The German Buddhist monk Ven. Nyanatiloka Maha
Thera was one of the most outstanding and influential Buddhists
of the 20th century.
He was a pioneer and a missionary, a scholar and
He was a pioneer and missionary because he was
the first continental European to become a Buddhist monk (in
1903), the first monk to try to set up a monastery in Europe (in
1910), the first monk to give pabbajjá (Going Forth) in Europe
(in 1910), the first one to set up a monastery (the Island
Hermitage in Dodanduwa) where Westerners could become Buddhist
monks and learn about Buddhism (1911).
He became a monk at a time that it was more
difficult to travel and diseases such as malaria were common. He
had to endure many hardships because of his German nationality
and was interned during World War I as well as WW II. After WWI
he could not return for several years to his beloved Sri Lanka.
Nevertheless, despite all the hardships, he endured and through
his efforts in setting up the Island Hermitage monastery, making
translations, etc, he was trailblazer for generations of Western
Buddhists to come.
In 1911, Ven. Nyanatiloka was involved in
setting up a project to help deprived Buddhist people near Kandy.
He was also involved in setting up an international Buddhist
union in the 1920s, and in the 1950s went to Burma to
participate in the important Sixth Council synod. In his last
years, he was also supportive of the German Dharmaduta Society,
which was founded by Asoka Weeraratna in 1952. Ven. Nyanatiloka
was the first Patron of this Society.
In a memorable message to the publication ‘
Buddhism in Germany ’ Ven. Nyanatiloka says as follows:
"It was just 50 years ago in 1903, that I came
first to this Island which, since then, I have considered my
spiritual home, and I am therefore happy to be now a citizen of
Sri Lanka. Yet, it will be understood that it was the great wish
of my heart to give the country of my origin the best I
possessed, i.e. the Dhamma. And to that end I have devoted the
greatest part of my 50 years in the Sangha. I did so in the firm
conviction that the Dhamma will take root in my home country,
Germany, and may have a great future there.
``Now it has been a very great pleasure to me to
hear that Mr. Weeraratna returned from Germany with the very
same conviction, and was able to report on lively Buddhist
activities there. I believe that the chances for Buddhist
mission work in Germany are now greater than ever before. I am
therefore very happy that the Lanka Dharmadutha Society has
undertaken that great task of sending a well-prepared mission to
Germany and to support Buddhist work there, in general.
I greatly appreciate the initial work done by
the Society up to now, and particularly the sacrificing labour,
devotion and energy shown by the Founder and Secretary of the
Lanka Dharmadutha Society, Mr. Asoka Weeraratna. I should,
indeed, regard it as a happy culmination of my life if Vesak
1956, i.e. the year 2500, will see a well – established mission
in Germany, which will not fail to have a far-reaching influence
on the other Western countries, too. I wish the Society full
success in their great and noble enterprise. Selfless effort to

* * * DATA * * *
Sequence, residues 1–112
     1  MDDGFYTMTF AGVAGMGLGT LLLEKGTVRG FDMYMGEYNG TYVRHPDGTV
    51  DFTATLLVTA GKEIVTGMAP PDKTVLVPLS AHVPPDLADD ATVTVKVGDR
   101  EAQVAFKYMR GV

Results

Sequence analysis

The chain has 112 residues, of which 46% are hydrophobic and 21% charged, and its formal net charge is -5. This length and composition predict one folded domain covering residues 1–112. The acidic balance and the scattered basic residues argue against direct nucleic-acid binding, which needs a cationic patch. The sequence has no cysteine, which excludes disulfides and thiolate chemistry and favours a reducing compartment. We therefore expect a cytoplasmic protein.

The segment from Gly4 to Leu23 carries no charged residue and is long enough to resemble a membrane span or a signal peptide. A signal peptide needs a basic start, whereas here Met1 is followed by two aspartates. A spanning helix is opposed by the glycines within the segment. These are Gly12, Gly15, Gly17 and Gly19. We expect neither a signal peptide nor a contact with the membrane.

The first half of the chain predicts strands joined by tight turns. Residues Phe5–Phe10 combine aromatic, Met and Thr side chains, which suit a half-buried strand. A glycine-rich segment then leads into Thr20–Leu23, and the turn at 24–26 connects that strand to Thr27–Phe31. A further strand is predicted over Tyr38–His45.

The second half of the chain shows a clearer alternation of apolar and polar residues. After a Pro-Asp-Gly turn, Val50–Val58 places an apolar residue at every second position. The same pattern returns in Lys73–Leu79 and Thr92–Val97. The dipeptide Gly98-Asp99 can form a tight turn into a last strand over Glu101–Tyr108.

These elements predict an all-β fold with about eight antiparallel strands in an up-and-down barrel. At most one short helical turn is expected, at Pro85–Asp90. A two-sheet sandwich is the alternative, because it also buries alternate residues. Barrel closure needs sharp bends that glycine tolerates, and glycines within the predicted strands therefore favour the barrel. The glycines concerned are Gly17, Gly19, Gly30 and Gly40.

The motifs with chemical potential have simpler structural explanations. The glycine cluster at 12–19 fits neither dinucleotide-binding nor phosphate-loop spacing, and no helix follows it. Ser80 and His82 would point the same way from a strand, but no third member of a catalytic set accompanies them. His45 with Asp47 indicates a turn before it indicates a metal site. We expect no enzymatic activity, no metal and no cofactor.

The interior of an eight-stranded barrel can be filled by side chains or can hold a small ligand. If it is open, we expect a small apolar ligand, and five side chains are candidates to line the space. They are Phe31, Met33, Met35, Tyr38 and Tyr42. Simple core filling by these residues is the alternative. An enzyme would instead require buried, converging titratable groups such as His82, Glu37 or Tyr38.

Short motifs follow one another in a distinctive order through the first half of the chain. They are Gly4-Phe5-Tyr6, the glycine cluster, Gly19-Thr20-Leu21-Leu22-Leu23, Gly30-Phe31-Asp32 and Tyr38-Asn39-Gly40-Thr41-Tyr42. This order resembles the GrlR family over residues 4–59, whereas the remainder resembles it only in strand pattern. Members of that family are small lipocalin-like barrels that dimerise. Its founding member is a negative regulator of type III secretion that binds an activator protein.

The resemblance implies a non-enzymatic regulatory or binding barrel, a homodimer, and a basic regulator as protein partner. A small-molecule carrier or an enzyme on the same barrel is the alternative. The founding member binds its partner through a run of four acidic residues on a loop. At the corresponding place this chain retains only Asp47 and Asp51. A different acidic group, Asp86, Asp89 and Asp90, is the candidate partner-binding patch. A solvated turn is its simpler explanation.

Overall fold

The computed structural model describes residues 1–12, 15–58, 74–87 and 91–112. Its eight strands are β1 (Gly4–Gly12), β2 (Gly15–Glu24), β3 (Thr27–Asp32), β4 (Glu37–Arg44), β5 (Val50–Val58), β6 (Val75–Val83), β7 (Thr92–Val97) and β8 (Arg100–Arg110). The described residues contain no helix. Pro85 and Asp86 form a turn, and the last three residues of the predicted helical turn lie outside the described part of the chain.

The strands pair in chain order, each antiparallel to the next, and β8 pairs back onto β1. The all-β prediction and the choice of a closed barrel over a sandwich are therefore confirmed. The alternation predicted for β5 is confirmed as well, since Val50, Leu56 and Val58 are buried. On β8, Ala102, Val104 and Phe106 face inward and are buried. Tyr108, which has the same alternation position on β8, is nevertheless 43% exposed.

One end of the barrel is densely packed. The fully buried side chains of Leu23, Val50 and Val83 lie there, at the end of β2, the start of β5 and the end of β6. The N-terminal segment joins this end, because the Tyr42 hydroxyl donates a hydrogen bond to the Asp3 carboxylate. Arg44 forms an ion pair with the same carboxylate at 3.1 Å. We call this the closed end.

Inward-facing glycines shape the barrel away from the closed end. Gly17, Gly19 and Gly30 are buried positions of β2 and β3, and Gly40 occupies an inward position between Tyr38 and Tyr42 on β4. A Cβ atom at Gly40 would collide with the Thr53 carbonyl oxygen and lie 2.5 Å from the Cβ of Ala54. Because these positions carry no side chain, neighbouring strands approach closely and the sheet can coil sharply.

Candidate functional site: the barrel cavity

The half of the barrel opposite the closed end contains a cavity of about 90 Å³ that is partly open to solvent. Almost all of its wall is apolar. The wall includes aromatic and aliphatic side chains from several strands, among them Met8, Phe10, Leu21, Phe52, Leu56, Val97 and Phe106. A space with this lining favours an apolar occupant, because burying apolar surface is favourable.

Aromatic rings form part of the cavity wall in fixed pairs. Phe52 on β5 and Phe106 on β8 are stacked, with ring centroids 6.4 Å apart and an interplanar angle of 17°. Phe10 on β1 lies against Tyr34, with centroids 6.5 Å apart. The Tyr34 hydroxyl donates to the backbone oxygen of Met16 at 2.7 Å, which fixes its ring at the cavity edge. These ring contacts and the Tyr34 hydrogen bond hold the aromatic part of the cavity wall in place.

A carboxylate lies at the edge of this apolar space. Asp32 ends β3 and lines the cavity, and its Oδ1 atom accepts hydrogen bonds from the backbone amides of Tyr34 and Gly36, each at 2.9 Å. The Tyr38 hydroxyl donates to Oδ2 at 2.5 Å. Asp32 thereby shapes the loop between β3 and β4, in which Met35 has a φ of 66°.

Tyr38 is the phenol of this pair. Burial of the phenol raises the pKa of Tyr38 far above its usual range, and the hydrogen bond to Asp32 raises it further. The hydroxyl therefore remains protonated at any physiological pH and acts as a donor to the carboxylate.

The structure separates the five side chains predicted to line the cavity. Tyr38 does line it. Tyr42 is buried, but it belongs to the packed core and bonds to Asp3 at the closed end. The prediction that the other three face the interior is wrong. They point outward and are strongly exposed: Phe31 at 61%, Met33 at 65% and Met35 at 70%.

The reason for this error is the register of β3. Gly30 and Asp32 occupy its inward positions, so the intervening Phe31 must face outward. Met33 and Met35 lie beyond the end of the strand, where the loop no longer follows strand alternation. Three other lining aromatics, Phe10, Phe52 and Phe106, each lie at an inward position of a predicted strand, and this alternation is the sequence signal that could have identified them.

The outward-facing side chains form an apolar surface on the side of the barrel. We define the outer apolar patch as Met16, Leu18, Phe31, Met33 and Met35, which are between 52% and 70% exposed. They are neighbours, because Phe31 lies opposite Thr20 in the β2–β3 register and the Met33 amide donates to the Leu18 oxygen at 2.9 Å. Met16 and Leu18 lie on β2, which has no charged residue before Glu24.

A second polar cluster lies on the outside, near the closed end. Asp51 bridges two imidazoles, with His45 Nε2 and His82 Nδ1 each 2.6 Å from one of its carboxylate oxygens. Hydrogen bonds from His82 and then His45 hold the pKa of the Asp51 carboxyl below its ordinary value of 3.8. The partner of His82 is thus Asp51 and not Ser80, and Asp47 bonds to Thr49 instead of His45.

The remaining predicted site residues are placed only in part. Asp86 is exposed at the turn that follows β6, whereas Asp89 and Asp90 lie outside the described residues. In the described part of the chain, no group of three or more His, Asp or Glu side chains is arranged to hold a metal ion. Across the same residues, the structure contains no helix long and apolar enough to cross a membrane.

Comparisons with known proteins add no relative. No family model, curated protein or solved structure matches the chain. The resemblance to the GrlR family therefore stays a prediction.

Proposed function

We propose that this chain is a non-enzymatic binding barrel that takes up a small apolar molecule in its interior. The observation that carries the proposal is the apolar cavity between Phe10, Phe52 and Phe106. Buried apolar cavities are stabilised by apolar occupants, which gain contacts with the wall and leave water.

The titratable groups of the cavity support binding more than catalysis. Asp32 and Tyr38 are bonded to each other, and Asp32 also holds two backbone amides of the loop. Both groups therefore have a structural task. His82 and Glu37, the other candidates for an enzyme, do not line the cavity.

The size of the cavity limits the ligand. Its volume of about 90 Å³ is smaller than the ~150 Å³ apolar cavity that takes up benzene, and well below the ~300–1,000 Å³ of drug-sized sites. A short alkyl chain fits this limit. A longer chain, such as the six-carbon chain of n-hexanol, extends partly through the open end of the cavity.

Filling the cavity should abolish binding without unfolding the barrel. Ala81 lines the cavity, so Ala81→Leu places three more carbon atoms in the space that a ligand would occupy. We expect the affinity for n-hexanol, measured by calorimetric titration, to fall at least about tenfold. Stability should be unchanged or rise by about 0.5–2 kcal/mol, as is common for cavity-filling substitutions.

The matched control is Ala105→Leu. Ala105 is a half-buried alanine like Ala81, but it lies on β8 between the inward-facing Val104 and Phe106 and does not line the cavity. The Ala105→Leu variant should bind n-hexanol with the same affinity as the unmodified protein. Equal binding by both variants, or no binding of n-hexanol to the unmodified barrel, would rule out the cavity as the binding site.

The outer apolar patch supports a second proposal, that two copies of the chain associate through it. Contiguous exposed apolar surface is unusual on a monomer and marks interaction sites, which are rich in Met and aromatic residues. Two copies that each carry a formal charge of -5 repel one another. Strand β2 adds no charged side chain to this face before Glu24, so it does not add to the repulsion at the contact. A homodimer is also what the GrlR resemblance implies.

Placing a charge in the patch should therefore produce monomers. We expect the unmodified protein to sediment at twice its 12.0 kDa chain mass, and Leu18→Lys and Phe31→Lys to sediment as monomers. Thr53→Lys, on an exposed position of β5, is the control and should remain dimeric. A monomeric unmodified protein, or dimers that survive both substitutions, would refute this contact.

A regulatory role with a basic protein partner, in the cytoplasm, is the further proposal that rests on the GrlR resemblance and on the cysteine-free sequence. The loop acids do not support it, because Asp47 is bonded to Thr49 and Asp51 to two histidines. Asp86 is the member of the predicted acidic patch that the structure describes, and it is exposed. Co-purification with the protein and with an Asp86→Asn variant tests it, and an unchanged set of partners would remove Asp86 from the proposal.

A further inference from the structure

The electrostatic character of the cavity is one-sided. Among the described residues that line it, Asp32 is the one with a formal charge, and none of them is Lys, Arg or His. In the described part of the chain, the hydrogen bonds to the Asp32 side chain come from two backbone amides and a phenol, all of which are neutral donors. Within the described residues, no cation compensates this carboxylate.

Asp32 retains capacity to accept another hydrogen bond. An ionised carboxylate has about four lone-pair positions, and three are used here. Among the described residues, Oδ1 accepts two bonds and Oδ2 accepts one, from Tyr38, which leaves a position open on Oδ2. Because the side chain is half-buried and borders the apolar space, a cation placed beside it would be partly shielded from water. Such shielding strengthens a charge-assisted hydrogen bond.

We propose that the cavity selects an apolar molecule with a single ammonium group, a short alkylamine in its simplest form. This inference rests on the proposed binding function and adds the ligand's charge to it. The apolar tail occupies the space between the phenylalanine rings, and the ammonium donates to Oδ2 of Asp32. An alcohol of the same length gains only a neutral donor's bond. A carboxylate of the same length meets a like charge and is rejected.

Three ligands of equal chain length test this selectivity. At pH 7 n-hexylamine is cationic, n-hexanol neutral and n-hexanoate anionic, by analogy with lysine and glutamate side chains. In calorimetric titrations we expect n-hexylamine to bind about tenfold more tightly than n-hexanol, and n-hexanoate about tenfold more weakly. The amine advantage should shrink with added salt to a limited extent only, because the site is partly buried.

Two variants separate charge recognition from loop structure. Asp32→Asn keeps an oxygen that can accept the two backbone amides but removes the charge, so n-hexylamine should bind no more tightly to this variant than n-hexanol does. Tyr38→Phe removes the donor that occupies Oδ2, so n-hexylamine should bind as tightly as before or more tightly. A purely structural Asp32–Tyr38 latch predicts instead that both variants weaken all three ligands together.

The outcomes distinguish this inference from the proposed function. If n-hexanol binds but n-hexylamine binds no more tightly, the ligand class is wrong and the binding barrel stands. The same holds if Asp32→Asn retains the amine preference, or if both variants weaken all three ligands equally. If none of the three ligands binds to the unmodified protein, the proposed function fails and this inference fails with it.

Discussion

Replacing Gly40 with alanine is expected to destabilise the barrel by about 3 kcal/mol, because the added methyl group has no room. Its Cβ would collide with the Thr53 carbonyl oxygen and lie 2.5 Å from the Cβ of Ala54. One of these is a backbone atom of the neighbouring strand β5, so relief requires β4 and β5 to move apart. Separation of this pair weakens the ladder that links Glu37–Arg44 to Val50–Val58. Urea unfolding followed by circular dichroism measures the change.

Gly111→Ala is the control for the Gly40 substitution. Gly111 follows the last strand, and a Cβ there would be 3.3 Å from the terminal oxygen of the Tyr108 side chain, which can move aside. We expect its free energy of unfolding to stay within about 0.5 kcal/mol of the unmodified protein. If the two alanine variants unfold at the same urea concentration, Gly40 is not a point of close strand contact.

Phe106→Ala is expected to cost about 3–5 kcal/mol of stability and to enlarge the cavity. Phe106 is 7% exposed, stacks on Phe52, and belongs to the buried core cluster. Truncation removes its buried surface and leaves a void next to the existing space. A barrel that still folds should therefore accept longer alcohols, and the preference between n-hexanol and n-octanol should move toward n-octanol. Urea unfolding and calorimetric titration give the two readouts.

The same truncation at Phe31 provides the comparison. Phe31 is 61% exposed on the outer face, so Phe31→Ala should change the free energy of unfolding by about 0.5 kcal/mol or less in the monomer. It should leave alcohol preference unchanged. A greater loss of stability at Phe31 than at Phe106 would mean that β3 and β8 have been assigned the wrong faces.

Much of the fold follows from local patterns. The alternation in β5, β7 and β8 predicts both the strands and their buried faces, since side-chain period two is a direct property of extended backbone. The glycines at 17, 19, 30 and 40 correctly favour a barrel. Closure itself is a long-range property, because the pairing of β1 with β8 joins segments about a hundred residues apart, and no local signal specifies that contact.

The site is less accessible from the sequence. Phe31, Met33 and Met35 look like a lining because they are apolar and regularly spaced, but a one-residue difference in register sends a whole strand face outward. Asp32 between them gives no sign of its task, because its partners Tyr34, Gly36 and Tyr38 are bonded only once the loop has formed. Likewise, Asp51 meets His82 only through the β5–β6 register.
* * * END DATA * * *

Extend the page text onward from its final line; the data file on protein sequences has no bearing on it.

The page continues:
give the Dhamma to those who are most in need of it will be of
great blessing to those who give and receive ". Nyanatiloka
(May 25, 1953)
Ven Nyanatiloka was a scholar because of his
many outstanding and authoritative translations of Pali
scriptures into German as well as English. Being endowed with
great linguistic skills, he quickly mastered Pali and made the
first and only translations of several important Buddhist
scriptures in German (Anguttara Nikaya, Milindapanha,
Visuddhimagga, Puggalapannatti). His published first book, The
Word of the Buddha, a cleverly compiled anthology of Buddhist
discourses, was, and still is, very popular and went through
many reprints and was translated into many languages. Its impact
was such that some of those who read the booklet decided to
become monks. The Path to Deliverance is an advanced supplement
to the Word of the Buddha. The popular Buddhist Dictionary,
which explains important Pali terms, remains an unsurpassed
Ven. Nyanatiloka was a teacher who had hundreds
of disciples over the years. Because of his literary works he
became well known in Buddhist circles all over the world. This,
combined with his efforts in setting up a monastery where
Westerners could learn about Buddhism and train to become monks,
attracted many Europeans, but also Sinhalese, Tibetans,
Japanese, Dutch, etc. In order to gain a proper understanding of
the Buddhist teachings, Ven. Nyanatiloka emphasized the study of
the Pali scriptures in their original language and made it a
prerequisite for ordination candidates to learn some Pali, which
he himself would teach them.
In 1950, Ven. Nyanatiloka received the
citizenship of Sri Lanka. His home country of Germany also
remembered him, and recognized his outstanding life work as a
Buddhist scholar, when, in 1955, he was nominated an Honorary
fellow of the prestigious academic society for oriental studies,
the Deutsche Morgenlandische Gesellschaft.
Ven. Nyanatiloka passed away peacefully on May
28, 1957 at the age of 79 years, while convalescing in the newly
established Monks' Training Centre of the German Dharmaduta
Society, based at 417, Bauddhaloka Mawatha, Colombo 7.
He was accorded a State funeral by the
Government of Sri Lanka. Mr. S.W.R.D. Bandaranaike, then Prime
Minister, delivered the funeral oration, amidst a large and
representative gathering of mourners at Independence Square.
German Dharmaduta Society